Kidney Stones | Teen Ink

Kidney Stones MAG

January 7, 2022
By Agamemnon GOLD, Racine, Wisconsin
Agamemnon GOLD, Racine, Wisconsin
14 articles 0 photos 0 comments

Favorite Quote:
“And now here is my secret, a very simple secret: It is only with the heart that one can see rightly; what is essential is invisible to the eye.”


My grandma, an engineer and Russian native, was the most hardworking, persistent, driven, and goal-oriented person that I have ever met. She was the first female engineer in a big factory in Russia. She designed blueprints for an airline railroad in the Republic of Georgia and created many apartment building designs. I knew her as someone who always had a saying or quote for every situation. One of my favorites was this: “в нормальных семьях по наследству передают драгоценные камни, а в нашей - только почечные.” Or, “In normal families, precious stones are passed down, but in ours – only kidney stones.”

Because people usually develop kidney stones between 35 to 40 years of age, I haven’t quite received my inheritance yet. But, is it possible that I truly inherited nothing from her beside the right genes to house kidney stones?

To get through blockades in life takes resilience, and that is something that I have inherited from my grandmother. To be presented with an obstacle, work through it, and still not lose passion and joy for life is hard. But reminding myself of how my grandmother pushed through her struggles motivates me to continue. One day, after making the necessary revisions on an apartment design, a two-by-four was dropped on her head from the top of a 20-story building, causing severe brain
damage. But still, she defied her doctor’s predictions, got back on her feet in two months, and returned to work in three.

Even though such a physically and mentally traumatizing event has never happened to me, it would be false to say that my
various paths of life have been without blockades. For eight years I played tennis. Of course, since I started when I was five, it was just for fun. But by nine, I decided I wanted tennis to be more than a hobby, so I worked harder than I had previously,
and eventually, I was ready for my first tournament. The thrill of calling “out!” and the feeling of the fresh ball against my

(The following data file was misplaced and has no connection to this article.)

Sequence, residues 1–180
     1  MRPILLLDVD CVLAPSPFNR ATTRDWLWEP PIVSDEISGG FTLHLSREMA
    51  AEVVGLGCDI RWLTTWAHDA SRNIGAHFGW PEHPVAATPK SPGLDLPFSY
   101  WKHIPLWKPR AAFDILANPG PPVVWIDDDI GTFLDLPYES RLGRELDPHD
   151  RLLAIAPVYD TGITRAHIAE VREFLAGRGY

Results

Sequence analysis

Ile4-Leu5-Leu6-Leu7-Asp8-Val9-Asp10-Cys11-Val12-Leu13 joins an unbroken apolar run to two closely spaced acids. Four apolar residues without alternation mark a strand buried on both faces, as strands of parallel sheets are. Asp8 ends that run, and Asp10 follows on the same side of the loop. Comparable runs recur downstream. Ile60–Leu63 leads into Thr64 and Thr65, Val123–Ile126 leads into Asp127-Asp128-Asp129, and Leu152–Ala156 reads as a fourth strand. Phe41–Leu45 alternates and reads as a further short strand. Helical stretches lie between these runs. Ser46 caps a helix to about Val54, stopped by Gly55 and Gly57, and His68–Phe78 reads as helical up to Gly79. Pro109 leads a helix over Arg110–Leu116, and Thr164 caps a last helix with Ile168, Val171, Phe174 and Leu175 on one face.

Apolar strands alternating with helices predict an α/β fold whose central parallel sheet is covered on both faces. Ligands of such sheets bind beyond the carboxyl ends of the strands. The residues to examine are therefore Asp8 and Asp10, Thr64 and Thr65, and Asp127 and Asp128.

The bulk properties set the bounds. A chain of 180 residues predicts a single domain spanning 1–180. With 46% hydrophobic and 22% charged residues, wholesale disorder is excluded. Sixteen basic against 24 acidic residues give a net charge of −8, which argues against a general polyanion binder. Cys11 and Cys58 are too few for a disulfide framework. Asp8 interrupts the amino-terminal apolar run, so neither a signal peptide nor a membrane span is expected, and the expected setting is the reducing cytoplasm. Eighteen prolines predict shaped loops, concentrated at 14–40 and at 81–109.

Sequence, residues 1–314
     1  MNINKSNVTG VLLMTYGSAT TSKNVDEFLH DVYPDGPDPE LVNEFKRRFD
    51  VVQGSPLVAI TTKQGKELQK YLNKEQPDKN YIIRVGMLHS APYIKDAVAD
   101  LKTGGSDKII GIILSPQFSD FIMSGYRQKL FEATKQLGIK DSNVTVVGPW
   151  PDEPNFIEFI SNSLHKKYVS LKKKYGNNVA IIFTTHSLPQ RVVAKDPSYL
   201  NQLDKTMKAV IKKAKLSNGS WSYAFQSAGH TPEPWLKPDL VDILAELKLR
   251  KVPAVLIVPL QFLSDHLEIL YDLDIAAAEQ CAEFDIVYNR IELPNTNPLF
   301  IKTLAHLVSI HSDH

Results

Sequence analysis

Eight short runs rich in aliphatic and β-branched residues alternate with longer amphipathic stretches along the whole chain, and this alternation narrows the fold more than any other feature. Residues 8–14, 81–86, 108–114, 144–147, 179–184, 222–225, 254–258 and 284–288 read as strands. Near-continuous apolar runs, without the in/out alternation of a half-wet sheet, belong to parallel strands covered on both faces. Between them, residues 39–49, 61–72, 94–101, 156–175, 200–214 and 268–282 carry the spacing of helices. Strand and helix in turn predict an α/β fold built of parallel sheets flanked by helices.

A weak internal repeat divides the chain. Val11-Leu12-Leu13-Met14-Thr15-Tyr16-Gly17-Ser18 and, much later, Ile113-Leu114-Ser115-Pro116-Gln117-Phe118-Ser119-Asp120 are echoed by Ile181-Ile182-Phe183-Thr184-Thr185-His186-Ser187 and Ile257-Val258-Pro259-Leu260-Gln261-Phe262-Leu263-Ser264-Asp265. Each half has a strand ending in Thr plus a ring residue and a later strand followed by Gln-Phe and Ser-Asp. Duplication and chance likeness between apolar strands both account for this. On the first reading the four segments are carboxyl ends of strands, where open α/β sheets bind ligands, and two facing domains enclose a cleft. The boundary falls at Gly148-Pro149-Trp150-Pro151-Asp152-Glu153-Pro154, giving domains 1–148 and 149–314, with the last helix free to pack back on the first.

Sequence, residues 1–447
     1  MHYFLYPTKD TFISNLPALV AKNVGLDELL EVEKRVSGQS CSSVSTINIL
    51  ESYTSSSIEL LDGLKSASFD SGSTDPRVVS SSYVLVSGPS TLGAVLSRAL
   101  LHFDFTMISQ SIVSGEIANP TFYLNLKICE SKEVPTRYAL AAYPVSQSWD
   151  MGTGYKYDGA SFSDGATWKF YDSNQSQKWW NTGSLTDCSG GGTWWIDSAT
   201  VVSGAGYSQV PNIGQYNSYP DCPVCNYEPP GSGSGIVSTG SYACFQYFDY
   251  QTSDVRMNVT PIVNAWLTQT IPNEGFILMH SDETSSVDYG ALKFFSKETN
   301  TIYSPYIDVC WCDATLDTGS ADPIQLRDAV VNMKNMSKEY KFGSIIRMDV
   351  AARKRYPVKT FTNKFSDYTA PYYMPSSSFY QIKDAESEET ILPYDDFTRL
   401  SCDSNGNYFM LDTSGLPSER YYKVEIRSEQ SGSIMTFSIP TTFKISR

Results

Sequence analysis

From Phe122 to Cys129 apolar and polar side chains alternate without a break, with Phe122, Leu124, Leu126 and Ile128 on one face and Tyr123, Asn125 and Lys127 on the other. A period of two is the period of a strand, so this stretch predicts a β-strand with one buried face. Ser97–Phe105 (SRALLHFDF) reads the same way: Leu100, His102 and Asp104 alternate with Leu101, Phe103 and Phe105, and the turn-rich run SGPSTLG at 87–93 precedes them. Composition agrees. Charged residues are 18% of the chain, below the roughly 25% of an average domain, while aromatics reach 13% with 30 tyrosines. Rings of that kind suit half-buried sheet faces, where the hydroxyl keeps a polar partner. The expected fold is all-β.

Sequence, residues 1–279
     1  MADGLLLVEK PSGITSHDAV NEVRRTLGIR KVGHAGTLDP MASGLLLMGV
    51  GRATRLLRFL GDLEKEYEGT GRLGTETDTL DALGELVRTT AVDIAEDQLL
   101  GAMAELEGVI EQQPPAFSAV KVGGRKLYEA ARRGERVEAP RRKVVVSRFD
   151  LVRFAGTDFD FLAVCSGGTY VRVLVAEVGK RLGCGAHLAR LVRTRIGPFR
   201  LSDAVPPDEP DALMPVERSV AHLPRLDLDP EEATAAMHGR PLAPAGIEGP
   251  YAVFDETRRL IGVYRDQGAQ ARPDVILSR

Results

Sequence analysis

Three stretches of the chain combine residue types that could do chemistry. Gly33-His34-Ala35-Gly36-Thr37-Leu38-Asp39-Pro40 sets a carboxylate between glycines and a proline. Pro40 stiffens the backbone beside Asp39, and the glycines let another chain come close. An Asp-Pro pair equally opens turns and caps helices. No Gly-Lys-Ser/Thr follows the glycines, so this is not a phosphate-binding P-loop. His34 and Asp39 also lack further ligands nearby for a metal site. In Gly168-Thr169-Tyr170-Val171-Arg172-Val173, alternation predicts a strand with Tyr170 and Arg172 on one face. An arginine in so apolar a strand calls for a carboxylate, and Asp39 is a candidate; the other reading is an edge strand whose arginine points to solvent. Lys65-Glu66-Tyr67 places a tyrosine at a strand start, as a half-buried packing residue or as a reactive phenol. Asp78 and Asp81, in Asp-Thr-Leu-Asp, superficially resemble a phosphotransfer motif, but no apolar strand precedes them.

strings sent adrenaline and dopamine to my brain. I emerged from that event with a trophy: first place in the consolation bracket! I knew I wanted to try again, to try to get an award in the main bracket. I started competing and practicing more and more until, eventually, I had collegiate-level dreams. And, according to my coaches at the time, those dreams were completely
within reach.

However, like my grandmother, when my game started to reach new levels, disaster struck. However, my disaster didn't identify as a two-by-four. It goes by a different name; Snapping Hip Syndrome. Like the Joker, Snapping Hip Syndrome has an evil best friend – hypermobility syndrome. My doctor said that if I continued to play tennis, I would be in a wheelchair before I was legally allowed to vote. I felt lost. I didn't know who I was. "Who am I without tennis?" I asked myself.

Then, like my grandmother, I started healing. Not only physically, but also mentally. I realized I had made tennis my identity, and without that, I felt empty. So I decided to change that. I pursued many new activities to rediscover who I am. Through that process, I tried to use my inherited strength, determination, and drive from my grandmother to power through the hard times when I missed the feeling of my racket striking a moving ball. But I found new feelings that drive me; the clickity-clack of my keyboard as I conjure stories and books, and smooth swish of the bottom of my heels as I waltz across the floor, and above all, the electric buzzing in my brain as I finish a book in the early hours of the morning.


The author's comments:

A reflection honoring my Grandmother's passing, this piece aims to bring out the small things in life that we overlook.


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This article has 1 comment.


on May. 16 at 10:50 am
PowerPaws SILVER, Gampaha, Other
5 articles 18 photos 21 comments

Favorite Quote:
"Past is past. Don't dwell in it"

This is really good ♥️ I’m pretty sure that your grandma must be very happy and honoured… Keep up the good work!!! May ur grandma rest in peace 🙏❤️